Eric Vogel kicks off his series on ASP.NET Core security by showing how to set up authentication to register, log in and log out a user account in an ASP.NET Core MVC application.
After this week's release of Visual Studio 2019, Microsoft exec Scott Hunter detailed many of the new features coming in .NET Core 3, already available as a preview in VS 2019 so developers can try it out (with a simple tweak).
Blazor, like most systems for generating Web pages, supports using layout pages for repeated content. Here's what works, what doesn't (yet) work and work-arounds I've discovered for what doesn't work.
The reality is that you will need to have, at least, two different configurations: one for production and one for development. Here's how to automate those conversions.
If you move beyond the basics of working with Razor Pages, there are at least two things you should know to support creating Pages that do more than one thing and integrate with existing code.
If you're moving your application's client-side code to Blazor, then you'll want Blazor to manage navigating between pages, too.
There are lots of ways to handle databases in a containerized environment like Docker. Here's how to create SQL Server in a container, how to load it with the data you want and how to integrate that container into whatever project needs it. Be warned: Some PowerShell is used.
Here's how to run a "real-world" application (consisting of an MVC application and a Web Service) in a networked set of Docker containers. And it's just a couple of mouse clicks in Visual Studio to implement it.
If you want to handle the most common pattern in ASP.NET Controllers (displaying a page and then accepting data entered into it), you can do it with Razor Pages. You'll just need less code than if you used a Controller, a View and a model object.
As fond as he is of using Controllers and Views, Peter isn't sure that Razor Pages aren't a better model for Web development. But the first step, adding Razor Pages to your project, isn't as easy as it should be. And, after that, you'll want to integrate them with your existing MVC application.
In ASP.NET Core, your web.config file with its <appsettings> section is gone. The replacement is a more extensive and configurable system that you can leverage to simplify configuring your objects.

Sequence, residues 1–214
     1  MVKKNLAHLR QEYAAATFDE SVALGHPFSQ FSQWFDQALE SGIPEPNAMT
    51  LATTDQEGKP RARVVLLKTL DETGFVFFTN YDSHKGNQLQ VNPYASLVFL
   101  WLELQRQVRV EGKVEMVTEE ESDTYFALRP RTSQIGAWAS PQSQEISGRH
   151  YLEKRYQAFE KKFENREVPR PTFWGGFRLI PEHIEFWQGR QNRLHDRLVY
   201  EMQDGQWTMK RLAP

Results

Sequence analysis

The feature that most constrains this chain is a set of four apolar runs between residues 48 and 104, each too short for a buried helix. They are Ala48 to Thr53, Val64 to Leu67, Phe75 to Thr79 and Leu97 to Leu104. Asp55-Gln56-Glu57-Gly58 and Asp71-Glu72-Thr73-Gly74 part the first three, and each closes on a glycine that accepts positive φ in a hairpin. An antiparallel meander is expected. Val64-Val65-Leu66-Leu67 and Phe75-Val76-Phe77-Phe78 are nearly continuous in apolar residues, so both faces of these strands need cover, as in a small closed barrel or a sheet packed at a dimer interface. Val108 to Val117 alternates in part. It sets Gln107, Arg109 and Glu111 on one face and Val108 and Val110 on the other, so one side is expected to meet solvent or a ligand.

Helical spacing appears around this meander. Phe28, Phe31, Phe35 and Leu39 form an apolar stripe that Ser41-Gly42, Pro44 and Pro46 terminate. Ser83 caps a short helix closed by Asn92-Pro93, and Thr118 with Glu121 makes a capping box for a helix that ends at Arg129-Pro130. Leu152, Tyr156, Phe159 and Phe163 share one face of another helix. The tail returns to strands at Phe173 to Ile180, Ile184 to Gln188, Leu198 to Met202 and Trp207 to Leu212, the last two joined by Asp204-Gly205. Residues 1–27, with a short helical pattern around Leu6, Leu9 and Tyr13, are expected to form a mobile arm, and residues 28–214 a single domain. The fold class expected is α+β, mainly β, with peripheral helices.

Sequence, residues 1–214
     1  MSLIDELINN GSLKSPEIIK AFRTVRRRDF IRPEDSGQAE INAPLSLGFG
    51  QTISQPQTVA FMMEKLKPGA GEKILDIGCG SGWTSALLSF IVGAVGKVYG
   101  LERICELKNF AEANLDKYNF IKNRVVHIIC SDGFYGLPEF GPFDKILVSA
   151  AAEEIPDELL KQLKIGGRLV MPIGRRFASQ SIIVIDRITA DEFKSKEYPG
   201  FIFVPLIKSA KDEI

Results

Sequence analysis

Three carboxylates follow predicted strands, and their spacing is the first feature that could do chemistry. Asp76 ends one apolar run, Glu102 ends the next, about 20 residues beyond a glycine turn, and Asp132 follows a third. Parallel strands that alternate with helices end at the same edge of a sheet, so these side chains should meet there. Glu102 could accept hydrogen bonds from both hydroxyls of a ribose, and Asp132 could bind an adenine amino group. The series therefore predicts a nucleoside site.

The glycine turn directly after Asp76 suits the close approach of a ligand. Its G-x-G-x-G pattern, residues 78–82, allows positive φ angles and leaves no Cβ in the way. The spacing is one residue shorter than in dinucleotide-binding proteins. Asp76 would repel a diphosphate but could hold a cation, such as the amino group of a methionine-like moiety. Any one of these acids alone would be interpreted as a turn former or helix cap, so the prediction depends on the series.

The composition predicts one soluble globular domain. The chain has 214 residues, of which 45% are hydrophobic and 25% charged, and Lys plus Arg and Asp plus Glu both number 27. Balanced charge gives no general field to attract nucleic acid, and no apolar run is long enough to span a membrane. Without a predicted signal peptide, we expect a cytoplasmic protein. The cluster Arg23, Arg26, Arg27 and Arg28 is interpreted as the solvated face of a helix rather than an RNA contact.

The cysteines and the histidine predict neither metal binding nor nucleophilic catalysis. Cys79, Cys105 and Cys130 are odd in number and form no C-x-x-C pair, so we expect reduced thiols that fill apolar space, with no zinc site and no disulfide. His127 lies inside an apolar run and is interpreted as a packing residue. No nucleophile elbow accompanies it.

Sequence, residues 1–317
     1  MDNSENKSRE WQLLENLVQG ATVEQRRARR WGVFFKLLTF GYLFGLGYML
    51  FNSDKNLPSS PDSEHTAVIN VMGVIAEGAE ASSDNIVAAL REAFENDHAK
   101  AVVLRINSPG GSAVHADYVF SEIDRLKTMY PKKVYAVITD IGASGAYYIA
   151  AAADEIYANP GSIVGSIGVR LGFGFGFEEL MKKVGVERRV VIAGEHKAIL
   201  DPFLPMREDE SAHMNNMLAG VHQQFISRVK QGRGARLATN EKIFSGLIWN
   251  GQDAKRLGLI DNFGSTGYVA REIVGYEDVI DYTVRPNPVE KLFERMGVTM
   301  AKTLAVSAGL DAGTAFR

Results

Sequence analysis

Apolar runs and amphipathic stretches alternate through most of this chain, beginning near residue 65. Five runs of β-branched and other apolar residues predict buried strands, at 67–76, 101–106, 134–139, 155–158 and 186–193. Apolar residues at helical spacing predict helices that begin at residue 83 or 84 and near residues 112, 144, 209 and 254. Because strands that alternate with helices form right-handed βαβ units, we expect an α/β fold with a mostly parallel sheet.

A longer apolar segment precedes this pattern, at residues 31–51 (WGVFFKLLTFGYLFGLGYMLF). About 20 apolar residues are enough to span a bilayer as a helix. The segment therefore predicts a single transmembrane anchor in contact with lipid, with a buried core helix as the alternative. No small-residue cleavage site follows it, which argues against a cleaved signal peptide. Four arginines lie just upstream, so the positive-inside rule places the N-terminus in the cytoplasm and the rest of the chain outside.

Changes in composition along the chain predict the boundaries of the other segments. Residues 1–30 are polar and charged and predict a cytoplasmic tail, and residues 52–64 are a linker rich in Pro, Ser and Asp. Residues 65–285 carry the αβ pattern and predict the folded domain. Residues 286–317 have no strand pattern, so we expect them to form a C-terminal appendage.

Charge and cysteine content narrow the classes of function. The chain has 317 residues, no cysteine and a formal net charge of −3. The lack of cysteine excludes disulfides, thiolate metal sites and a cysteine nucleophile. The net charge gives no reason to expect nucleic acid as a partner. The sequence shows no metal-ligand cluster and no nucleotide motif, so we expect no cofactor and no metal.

Amazon Web Services has updated its serverless functionality for ASP.NET Core projects, the popular new direction for Microsoft Web programming.
ASP.NET Core's support for sharing objects defined at startup is great ... but what if you need to set options on those objects? Here's a case study that starts off great and then descends into over-engineered madness (but only if you want to go that far).
ASP.NET Core makes building RESTful services easy and comfortable, says Joydip Kanjilal, who shows how to do just that in this article, complete with code samples and screenshots.
- By Joydip Kanjilal
Eric Vogel uses code samples and screenshots to demonstrate how to create and use the views and controller for an ASP.NET MVC Core CRUD application.
Here's everything you need to write code for the Session object in ASP.NET Core -- including why you can't expect to migrate your existing ASP.NET MVC application to ASP.NET MVC Core (though Peter has some suggestions on easing that pain).
If you know how to create an ASP.NET MVC View, you know a great deal about how to create pages in Blazor. But, by packaging up pages as Blazor Components, you can use (and re-use) those pages more like objects.
Central to ASP.NET Core is the collection of objects that give you access to ASP.NET Core functionality. Here's how to access it, how to add to it and an example of how to use this technology with the "difficult" cases.